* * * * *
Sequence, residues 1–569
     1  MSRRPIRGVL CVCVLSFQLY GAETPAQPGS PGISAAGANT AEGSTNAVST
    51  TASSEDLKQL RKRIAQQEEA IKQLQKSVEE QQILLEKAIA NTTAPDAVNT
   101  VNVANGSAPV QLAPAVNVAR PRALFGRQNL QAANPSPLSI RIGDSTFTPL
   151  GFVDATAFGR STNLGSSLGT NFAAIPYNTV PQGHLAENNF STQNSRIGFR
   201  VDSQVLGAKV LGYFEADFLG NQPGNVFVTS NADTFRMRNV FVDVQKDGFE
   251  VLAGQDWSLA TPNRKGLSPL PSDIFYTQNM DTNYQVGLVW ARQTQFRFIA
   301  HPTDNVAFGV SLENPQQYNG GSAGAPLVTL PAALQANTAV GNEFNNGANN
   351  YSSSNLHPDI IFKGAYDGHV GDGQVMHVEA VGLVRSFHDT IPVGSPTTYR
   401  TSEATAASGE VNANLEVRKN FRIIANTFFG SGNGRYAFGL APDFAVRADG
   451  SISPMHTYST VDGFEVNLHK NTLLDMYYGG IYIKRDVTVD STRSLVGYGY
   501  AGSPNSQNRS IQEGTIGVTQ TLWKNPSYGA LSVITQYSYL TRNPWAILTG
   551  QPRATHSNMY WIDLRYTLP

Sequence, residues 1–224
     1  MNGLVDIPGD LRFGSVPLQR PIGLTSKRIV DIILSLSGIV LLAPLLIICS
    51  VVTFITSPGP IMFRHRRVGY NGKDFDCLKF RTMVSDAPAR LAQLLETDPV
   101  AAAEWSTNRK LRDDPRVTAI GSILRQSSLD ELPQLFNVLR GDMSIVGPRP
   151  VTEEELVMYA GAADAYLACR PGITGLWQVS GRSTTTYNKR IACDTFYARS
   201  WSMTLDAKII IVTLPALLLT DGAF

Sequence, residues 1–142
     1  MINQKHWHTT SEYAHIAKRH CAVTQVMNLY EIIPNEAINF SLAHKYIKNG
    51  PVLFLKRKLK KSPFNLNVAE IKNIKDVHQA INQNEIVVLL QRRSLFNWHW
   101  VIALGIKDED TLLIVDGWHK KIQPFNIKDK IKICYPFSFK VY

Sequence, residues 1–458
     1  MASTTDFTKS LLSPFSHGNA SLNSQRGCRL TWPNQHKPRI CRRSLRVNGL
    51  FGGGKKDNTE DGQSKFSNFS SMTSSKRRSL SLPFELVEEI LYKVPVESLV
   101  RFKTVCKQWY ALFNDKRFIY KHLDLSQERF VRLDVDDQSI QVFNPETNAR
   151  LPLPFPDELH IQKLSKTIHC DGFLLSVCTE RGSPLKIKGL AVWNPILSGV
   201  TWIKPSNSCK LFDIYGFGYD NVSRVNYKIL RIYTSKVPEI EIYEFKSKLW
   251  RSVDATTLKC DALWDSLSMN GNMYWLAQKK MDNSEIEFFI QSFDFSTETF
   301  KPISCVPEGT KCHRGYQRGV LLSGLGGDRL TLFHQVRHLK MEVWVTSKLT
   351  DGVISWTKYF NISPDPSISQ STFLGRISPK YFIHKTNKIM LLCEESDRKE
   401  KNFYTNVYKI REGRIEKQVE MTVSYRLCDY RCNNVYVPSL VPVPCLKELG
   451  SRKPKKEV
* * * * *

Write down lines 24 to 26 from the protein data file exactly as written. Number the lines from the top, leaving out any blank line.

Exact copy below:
Sequence, residues 1–458
     1  MASTTDFTKS LLSPFSHGNA SLNSQRGCRL TWPNQHKPRI CRRSLRVNGL
    51  FGGGKKDNTE DGQSKFSNFS SMTSSKRRSL SLPFELVEEI LYKVPVESLV